No single way provides perfect security (what is, really? The most important thing you can do after reading this post is to stop emailing passwords in plain text.
Seriously – don’t do this, if you care even a little bit about the password in question.
This free Chrome add-on plugs into the Gmail Web interface, adding an encryption checkbox to every message you compose: You pick a question showed to your recipient, and specify the answer.
Safegmail then encrypts your message using PGP, so it looks like this to your recipient: In other words, just a block of code with a link (the algorithm used is very secure).
For example, where “k” falls in QWERTY, it’s actually “e” in Colemak: So, anyone who has a Colemak map can easily read this cipher – they just have to know that’s the method I used.
Of course, you don’t need an alternative keyboard to use this simple system.
Okay, but what if you have something a bit longer to share?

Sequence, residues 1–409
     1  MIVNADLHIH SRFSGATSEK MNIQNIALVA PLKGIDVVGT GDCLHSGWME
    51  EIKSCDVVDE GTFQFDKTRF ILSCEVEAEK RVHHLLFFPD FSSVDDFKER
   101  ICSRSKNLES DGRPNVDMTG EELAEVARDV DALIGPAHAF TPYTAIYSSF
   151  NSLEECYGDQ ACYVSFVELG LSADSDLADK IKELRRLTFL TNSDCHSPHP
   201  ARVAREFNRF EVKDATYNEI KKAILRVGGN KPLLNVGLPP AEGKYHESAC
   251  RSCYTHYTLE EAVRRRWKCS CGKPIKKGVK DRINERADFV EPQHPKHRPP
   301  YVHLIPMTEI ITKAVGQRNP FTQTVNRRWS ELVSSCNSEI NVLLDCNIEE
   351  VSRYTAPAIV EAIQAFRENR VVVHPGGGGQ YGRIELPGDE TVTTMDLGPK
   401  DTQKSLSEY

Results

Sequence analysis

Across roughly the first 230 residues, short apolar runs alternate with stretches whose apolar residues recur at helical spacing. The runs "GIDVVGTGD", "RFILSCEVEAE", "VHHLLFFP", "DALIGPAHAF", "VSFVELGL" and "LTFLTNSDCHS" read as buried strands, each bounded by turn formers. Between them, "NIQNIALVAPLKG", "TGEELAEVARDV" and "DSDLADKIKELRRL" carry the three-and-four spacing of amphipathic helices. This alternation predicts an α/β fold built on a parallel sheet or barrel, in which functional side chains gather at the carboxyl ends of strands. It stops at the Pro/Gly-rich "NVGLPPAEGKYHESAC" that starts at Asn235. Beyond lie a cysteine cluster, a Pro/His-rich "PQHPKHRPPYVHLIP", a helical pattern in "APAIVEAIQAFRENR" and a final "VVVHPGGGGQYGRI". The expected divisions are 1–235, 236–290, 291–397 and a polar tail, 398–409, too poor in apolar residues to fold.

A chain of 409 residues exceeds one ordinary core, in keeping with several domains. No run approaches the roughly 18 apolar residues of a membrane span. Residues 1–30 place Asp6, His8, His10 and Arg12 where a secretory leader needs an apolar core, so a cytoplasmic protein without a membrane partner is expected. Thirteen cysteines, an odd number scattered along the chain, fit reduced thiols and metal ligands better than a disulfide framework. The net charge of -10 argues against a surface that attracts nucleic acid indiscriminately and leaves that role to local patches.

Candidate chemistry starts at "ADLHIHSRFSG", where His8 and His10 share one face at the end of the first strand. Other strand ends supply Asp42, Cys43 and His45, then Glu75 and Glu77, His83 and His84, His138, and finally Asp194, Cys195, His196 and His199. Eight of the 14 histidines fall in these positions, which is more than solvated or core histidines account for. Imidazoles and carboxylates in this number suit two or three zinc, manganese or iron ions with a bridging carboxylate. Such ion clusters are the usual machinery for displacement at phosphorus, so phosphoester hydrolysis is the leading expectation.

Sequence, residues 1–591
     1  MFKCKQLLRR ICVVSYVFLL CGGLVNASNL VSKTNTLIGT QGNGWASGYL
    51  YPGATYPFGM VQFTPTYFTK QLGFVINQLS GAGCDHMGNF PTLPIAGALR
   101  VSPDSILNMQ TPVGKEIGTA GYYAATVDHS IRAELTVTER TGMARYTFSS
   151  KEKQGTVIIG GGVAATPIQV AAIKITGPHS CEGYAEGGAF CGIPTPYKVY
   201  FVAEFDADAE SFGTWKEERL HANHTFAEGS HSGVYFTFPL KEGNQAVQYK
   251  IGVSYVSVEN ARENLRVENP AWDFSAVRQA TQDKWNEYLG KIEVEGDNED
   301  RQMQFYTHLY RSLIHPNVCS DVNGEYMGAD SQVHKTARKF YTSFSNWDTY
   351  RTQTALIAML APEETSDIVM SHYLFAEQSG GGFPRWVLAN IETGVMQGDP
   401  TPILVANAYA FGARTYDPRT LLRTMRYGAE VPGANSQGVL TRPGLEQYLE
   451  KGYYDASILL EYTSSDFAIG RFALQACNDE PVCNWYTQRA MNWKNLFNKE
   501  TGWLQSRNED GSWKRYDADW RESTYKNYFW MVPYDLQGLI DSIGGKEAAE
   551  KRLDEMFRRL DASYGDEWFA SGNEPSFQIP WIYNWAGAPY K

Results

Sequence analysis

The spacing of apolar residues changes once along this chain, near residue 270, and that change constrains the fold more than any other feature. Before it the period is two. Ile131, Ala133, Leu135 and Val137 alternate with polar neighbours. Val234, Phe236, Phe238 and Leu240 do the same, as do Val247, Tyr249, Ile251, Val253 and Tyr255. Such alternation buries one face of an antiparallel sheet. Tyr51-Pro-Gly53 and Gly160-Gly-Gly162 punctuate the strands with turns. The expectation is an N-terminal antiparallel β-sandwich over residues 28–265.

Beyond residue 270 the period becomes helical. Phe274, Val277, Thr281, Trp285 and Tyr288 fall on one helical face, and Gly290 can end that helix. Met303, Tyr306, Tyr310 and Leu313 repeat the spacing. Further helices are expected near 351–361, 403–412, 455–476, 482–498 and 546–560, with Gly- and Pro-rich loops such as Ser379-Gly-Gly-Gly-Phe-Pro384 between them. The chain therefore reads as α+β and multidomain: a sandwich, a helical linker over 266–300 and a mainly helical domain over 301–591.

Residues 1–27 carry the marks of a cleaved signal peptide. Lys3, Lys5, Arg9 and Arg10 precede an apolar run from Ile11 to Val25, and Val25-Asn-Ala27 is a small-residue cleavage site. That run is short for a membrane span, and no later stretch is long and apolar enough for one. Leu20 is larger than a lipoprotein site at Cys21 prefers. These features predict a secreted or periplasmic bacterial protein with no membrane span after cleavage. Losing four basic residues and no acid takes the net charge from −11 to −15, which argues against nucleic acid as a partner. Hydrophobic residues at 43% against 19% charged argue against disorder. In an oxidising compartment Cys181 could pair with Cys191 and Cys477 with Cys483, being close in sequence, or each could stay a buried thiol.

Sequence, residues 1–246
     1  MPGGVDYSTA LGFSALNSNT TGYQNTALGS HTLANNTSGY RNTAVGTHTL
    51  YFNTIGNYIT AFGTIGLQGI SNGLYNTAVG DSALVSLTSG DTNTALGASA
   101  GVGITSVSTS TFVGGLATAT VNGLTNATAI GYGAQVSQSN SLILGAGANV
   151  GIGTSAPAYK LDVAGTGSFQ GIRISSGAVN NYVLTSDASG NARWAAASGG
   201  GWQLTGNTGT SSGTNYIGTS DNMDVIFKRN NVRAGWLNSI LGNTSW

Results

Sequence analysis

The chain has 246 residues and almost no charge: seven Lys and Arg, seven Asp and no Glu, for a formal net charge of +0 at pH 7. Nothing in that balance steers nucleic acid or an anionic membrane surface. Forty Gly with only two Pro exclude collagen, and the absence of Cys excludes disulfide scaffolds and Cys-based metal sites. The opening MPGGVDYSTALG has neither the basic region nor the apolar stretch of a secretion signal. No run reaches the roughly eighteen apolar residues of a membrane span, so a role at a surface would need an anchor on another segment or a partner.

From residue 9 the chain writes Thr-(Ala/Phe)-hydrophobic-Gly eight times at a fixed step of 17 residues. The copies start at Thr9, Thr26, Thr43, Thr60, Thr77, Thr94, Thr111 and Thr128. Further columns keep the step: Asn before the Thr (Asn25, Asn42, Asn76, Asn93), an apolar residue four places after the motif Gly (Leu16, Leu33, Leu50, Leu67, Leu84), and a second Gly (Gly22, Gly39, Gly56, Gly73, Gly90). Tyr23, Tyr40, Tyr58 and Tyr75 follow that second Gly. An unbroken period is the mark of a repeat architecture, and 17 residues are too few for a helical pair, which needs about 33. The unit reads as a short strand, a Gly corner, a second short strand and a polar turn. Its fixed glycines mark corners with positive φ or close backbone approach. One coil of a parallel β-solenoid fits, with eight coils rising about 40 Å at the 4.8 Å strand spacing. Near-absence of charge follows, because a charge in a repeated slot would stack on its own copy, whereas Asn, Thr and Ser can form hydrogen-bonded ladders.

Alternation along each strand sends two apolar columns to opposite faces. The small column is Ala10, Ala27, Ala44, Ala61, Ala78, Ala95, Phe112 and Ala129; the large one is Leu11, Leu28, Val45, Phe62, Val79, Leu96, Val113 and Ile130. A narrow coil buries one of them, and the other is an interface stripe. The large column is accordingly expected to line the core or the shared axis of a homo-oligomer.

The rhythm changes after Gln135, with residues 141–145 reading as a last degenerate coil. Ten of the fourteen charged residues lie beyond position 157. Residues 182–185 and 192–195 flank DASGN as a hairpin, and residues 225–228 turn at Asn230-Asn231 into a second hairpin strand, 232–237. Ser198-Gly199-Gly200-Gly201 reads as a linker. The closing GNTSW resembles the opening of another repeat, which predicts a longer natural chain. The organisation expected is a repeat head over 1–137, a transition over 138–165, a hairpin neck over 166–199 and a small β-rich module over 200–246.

Creating a note looks like this: Then, once you click Send, you get a short link: The short link is nice, because it means you can even dictate it over the phone and don’t have to send the link itself in text if you don’t want to.Someone clearly put quite a bit of thought into this service, resulting in a truly secure and account-less way to share blocks of sensitive text.Okay, so Burn Note is fantastic if you don’t want an account.You and I both know I shifted them, and how, because we’ve discussed it in advance in another medium (say, Skype or phone).But an attacker won’t know I’ve shifted anything, and won’t even suspect it, because passwords often aren’t words or sentences. You don’t need any software to figure it out, I promise. Okay, I’ll tell you: It says “makeuseof.” But how does it say that?So, here’s a common case: You need to share a password with someone, but if you just email it to them, it’s going to languish in their inbox and be exposed to any future hacker that might gain access to their account.